There is no proof so far that Louisville coach Rick Pitino knew a former Cardinals staffer hired an escort and other dancers to strip and have sex with former recruits and players. But how could he not know? (AP photo)

Pitino should lose job; culpable for Louisville mess

One of the biggest potential scandals to hit a major college athletics program is unfolding in Louisville and Rick Pitino doesn’t know what to do.

He can’t deny past recruits and players were hooking up with well-funded strippers in an athletic dormitory because, well, it’s probably true. He can’t deny that one of his former graduate assistant coaches, Andre McGee — whom Pitino recruited, coached, developed, started, entrusted and clearly was close enough to that he subsequently employed him for four years — apparently was playing the rule of recruiter/Huggy Bear/pimp daddy. Because there is mounting evidence to support that.

So instead, Pitino is trying to defend his integrity. That in itself is a slippery slope, given his past marital indiscretions and admissions that he paid a woman to have an abortion, only to later become the subject of a very public extortion attempt.

“I hope those (allegations) are not true,” Pitino said. “I have a very difficult time forgiving those people if any of those (allegations) are true and I’m a very forgiving person.”

Comforting. Perhaps it’s time to look in the mirror, Rick.

The stripper scandal that has engulfed Louisville — which began three weeks ago with the publication of a tell-all book and was further advanced Tuesday when five former players and recruits told ESPN they attended parties and, in some cases, had sex with the dancers, funded by McGee — may bring down one of the most successful coaches in the history of college basketball.

Let me amend that: It should bring him down. Because if Louisville keeps Pitino after all this, it will reaffirm all that matters is money.

There are only two possibilities: 1. Pitino knew of and/or orchestrated McGee’s actions; 2. He was blindsided as much as the rest of us, which is equally as big of an indictment. Probably because he didn’t want to know what his foot soldier was doing, even as McGee rose to become his director of basketball operations.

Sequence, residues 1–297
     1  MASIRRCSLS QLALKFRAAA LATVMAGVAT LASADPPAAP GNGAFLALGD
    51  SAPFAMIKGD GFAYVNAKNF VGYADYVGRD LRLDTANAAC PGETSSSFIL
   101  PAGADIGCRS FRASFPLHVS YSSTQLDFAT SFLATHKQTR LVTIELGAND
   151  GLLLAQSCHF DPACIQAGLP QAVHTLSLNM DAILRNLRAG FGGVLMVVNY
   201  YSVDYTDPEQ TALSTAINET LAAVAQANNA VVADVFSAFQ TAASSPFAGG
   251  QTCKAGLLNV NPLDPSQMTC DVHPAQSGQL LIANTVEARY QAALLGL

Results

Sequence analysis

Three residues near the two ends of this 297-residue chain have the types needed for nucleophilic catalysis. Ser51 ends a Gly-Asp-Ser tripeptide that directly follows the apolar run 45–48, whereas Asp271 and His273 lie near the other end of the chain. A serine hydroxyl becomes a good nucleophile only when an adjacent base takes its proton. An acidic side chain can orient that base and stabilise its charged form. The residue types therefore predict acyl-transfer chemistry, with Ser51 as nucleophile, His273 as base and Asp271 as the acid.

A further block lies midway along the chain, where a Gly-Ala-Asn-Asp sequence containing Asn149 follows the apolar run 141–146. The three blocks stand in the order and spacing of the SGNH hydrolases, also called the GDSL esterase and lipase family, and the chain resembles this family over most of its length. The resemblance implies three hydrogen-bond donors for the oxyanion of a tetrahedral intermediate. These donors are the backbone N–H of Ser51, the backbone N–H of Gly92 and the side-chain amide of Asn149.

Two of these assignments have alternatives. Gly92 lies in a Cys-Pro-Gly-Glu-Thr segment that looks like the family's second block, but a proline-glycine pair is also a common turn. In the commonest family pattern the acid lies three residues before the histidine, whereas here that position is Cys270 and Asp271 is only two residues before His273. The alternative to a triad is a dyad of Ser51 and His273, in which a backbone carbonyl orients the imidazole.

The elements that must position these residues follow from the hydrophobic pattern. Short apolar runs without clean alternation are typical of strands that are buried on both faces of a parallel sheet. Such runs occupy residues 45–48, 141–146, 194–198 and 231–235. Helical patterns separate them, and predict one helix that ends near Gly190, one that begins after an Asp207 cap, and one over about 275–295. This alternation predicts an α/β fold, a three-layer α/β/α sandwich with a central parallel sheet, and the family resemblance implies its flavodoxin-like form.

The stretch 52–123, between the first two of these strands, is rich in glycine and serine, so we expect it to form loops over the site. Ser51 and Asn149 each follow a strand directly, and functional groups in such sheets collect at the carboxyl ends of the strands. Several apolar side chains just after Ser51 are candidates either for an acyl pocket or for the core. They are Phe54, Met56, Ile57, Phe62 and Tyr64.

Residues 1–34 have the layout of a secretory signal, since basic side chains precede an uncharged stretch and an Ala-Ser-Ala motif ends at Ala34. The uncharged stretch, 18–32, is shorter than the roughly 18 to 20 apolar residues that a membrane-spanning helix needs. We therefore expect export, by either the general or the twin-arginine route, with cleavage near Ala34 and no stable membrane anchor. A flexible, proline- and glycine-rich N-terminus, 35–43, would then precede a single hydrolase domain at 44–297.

This is the best case/plausible deniability scenario: Pitino was blind to more than 20 alleged high-profile incidents involving high-profile recruits in a dorm that was built to be occupied mostly by scholarship athletes so that university coaches could be aware what their players were doing. And this happened undetected by him for four years. Really?

I asked one college basketball coach whether it was possible Pitino didn’t know what was going on. The coach initially balked at answering, then said it might be possible but quickly added: “There’s some stuff he might not know. But if he didn’t know, I’m sure everybody on his staff knew. Think about that: All of his assistants and where they are now (leading other programs).”

Louisville men’s basketball is a monster. According to the Department of Education’s Equity in Athletics website, Louisville’s revenue for the one-year period ending June 2014 exceeded $40 million ($40,572,485, to be exact). That far exceeded other iconic programs: Kentucky ($23,655,649), Duke ($27,000,243), North Carolina ($20,905,642), Syracuse ($29,766,537) and Kansas ($18.253,973). (Local comparison: Georgia basketball revenue was $8,050,969; Georgia Tech $6,013,750.)

The revenue factor figures to weigh heavily in Louisville’s decision here. But it’s worth noting that when Louisville president James Ramsey released a statement following the publication of the self-described escort Katina Powell’s book, “Breaking Cardinal Rules: Basketball and the Escort Queen,” he referenced only his school’s athletic director (Tom Jurich) and not his basketball coach. “Tom Jurich has served as athletic director of an exemplary program at U of L. I fully support Tom as we work to identify the facts in this situation,” he said

Jurich also re-hired Bobby Petrino. That doesn’t scream exemplary leadership. But I digress.

There’s some irony here. Pitino cleaned up a mess at Kentucky, went to three Final Fours and won a national championship. But he shouldn’t be allowed to fix this because it took place under his watch and potentially under his direction.

There are so many unseemly aspects to this story, not the least of which is Powell employing her own daughters to strip and perform sexual favors for recruits. But I believe Powell’s account of what happened when she asked McGee if Pitino was aware of what was going on.

“He’s Rick. He knows about everything,” McGee said, according to her.

Coaches usually do. And even when they don’t, they’re culpable.

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